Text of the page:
Salvation Army granted clearance to build church near Ottawa airport

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Salvation Army granted clearance to build church near Ottawa airport

Ottawa's planning committee has rejected a report from city staff that would have prohibited the Salvation Army from building a church near the Ottawa International Airport.

The committee voted nine to one to allow the church and community centre proposed for 102 Bill Leathem Dr. — even though it would be inside what's known as the Airport Operating Influence Zone (AOIZ), an area that bans "noise-sensitive" development since aircraft fly low overhead. 

The Ottawa International Airport Authority had said its operations are too loud to accommodate the facility, which would be about 2½ kilometres from its busiest runway.

The zoning rule excludes developments like schools, places of worship, daycares and retirement residences.

The Salvation Army has said it would use building materials that would mitigate any noise from airplanes overhead, and that the property was the only site they could afford for the one-storey centre.

"For the good work the Salvation Army does in our community, I'm going to give them the benefit of the doubt," said Kanata South Coun. Allan Hubley.

Both the Salvation Army and the airport authority have previously said that — if they ended up on the losing side of the city's decision — they would be willing to take the fight to the Ontario Municipal Board.

Airport spokeswoman Krista Kealey told the committee that the authority was not specifically targeting the Salvation Army but rather trying to ensure public health and protect its own opportunities for economic development.

She suggested noise complaints could eventually lead to an "operating curfew" that would limit airplane movements during certain hours — potentially "affecting our ability to connect Ottawa with the rest of the country and the world."

"We support their mandate. And we appreciate the good work they do in our community," Kealey said. "[But] any proposal to develop land in a similar fashion within the AOIZ would be met with similar opposition."

Alta Vista Coun. Jean Cloutier was the lone councillor to vote in favour of the staff report.

Westgate mall, former Trailhead developments get approval

The committee also tended to other business Tuesday, including approving the proposed redevelopment of the Westgate Shopping Centre, Ottawa's oldest mall.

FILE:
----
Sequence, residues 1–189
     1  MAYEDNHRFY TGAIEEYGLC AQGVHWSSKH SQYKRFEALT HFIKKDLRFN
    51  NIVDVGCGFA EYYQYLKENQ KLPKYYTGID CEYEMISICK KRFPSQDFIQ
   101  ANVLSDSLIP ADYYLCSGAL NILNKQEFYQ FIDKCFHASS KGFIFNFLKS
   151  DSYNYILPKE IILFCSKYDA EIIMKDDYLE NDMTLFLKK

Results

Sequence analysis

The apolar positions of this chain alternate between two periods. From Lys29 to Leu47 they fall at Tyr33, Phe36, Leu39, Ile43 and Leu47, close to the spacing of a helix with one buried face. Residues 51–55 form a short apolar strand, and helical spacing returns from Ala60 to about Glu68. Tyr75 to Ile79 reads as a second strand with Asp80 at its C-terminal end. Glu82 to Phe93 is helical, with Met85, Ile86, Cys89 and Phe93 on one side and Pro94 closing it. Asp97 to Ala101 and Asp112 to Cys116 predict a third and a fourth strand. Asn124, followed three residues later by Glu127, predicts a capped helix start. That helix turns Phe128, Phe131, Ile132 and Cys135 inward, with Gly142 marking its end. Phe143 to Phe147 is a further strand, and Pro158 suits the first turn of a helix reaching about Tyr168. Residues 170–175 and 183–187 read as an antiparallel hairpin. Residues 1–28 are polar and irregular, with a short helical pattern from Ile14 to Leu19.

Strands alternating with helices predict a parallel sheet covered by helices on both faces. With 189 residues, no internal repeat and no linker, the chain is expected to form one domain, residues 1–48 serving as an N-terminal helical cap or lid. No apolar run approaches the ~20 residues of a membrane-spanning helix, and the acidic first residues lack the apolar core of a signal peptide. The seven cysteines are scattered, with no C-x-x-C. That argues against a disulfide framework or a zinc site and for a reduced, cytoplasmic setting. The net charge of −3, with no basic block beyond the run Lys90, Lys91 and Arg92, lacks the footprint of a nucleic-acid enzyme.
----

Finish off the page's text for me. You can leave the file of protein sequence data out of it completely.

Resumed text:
Retail developer RioCan received the green light to build five mixed-use highrise towers on the site of the mall at Carling Avenue and Merivale Road.

The mall opened in the early 1950s.

The committee also approved a 22-storey condo and retail tower for 1600 Scott St., on the site of the former Trailhead outdoor equipment store.

That proposal pitted a neighbourhood's community development plan (CDP) against what the city has called its transit-oriented development plan.

Concerned residents argued the proposed height and density far exceed what the community and the city had agreed on in developing the CDP.

However, planning committee chair Jan Harder countered that the CDP doesn't match the reality of 2017, particularly as the city prepares for the launch of a light-rail service.

The priority, said Harder, is to ensure the first phase of light rail becomes a success, so it can one day be expanded to serve the entire city — including her own Barrhaven ward.

Given that the Trailhead site is just a block from Westboro station, Harder said the city should approve the proposal to encourage densification and increase the chances of light rail succeeding.

The planning committee approved the proposal by a vote of seven to three.

New farmers markets

Committee members also rezoned three sites to allow for farmers markets.

If approved by full council, Stittsville would get a new market in Village Square Park on its main street. The market would have 10 to 20 vendors setting up on Friday afternoons.

A new market could also be coming to the Riverview park-and-ride in Riverside South, with 20 to 50 vendors expected to hawk their wares on Sundays from June through October.

The third re-zoning was a retroactive move, as the Byron Street market in Westboro has been operating for five years without the proper zoning in place.

All of Tuesday's items will go to city council for final approval on April 12.